Global institutional investors expect to allocate more funds to active strategies – particularly in real assets and private markets – in a bid to protect themselves against a potential downturn, according to research from BlackRock.
The investment manager’s latest investor survey of 224 investors found that, as a result of low interest rates and relatively high valuations for risk assets, investors plan to maintain “cash levels and selectively increasing allocations to active strategies”.
Nearly two-thirds (65%) of investors, representing $7.4trn (€6.1trn) in assets, plan to leave cash allocations unchanged for the year ahead, while 60% expect to increase their allocations to infrastructure and renewables.
Real estate and private equity are also set to benefit, with 42% and 43% of investors, respectively, intending to increase their exposure.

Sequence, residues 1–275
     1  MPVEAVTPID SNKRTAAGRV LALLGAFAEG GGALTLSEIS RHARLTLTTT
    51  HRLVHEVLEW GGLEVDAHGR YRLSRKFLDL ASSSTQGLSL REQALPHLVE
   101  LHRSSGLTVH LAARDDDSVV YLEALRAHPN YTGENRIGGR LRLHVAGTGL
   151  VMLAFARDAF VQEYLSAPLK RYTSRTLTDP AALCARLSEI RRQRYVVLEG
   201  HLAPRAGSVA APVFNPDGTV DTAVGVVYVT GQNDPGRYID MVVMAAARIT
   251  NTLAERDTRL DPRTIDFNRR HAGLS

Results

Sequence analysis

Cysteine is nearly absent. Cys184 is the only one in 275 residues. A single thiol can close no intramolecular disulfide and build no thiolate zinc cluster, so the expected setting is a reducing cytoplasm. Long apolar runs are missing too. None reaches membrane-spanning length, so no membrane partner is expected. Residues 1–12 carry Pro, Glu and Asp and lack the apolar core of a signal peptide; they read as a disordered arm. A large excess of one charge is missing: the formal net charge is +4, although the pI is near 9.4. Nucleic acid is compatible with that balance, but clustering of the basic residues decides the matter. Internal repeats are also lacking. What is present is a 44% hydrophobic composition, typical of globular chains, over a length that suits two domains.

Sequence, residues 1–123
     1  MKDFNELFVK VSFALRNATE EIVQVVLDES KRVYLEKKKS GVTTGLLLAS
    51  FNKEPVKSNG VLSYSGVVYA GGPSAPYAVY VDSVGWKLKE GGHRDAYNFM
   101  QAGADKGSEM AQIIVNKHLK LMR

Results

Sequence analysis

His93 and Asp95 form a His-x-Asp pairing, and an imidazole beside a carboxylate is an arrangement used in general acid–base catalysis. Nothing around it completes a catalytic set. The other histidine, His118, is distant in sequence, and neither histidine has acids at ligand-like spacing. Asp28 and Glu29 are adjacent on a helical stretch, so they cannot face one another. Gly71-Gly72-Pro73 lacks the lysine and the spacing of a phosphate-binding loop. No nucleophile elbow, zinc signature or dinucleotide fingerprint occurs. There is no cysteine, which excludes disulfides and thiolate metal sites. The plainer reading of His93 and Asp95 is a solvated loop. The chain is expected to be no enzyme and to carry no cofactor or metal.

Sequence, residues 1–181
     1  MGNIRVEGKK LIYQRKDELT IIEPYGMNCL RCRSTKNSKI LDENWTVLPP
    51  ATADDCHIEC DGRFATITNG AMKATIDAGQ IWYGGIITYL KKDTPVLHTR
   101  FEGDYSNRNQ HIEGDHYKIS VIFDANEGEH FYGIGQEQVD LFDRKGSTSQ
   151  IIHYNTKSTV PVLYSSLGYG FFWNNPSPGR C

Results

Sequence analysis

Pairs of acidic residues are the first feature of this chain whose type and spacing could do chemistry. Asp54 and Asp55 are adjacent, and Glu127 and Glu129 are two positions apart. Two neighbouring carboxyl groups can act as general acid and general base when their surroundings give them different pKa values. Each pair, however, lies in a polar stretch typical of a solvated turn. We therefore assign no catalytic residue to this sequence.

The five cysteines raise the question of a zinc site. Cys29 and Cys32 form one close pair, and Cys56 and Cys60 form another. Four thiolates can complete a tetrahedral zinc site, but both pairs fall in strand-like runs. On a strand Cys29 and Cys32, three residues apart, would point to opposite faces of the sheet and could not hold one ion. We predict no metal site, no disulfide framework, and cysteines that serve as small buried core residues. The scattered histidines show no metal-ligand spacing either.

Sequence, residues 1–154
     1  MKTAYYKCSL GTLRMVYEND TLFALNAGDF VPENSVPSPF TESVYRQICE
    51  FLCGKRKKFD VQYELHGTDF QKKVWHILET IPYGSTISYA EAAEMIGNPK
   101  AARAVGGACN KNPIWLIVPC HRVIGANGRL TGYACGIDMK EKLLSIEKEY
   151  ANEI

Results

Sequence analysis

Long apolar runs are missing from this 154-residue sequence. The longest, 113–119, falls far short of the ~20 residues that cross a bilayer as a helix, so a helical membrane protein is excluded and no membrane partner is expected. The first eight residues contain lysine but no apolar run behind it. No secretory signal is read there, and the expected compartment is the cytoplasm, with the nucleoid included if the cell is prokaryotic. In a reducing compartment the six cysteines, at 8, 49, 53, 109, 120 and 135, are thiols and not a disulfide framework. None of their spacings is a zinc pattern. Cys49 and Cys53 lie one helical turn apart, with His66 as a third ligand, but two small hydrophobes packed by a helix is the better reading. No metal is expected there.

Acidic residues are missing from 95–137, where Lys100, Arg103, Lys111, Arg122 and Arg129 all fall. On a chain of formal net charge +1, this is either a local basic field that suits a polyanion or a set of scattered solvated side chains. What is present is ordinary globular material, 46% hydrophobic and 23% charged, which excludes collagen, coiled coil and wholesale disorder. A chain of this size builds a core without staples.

BlackRock said the interest in active management “should play out across a diverse set of alternative asset classes, including illiquid assets”.
Edwin Conway, global head of BlackRock’s institutional client business, said: “Clients’ intention to reallocate to private markets and other highly active strategies is a recognition that global risks persist and of the value of portfolio managers’ skill.
“Despite synchronised global growth, our overall return expectations for most segments of institutional investors are well below their return targets.”
Conway said maintaining current cash levels and increasing allocations to active managers may seem counterintuitive, “but for many of our clients, it’s their two-pronged strategy for navigating risk and potentially volatile markets”.
He added: ”For several years, we have been talking to clients about the need to embrace alternative strategies as a way to add diverse sources of return, and offset the current rate environment.
“It’s gratifying to see them continuing to embrace these assets as they slowly become the norm for institutional investors seeking differentiated sources of return, inflation-hedging and counter-cyclical investments.”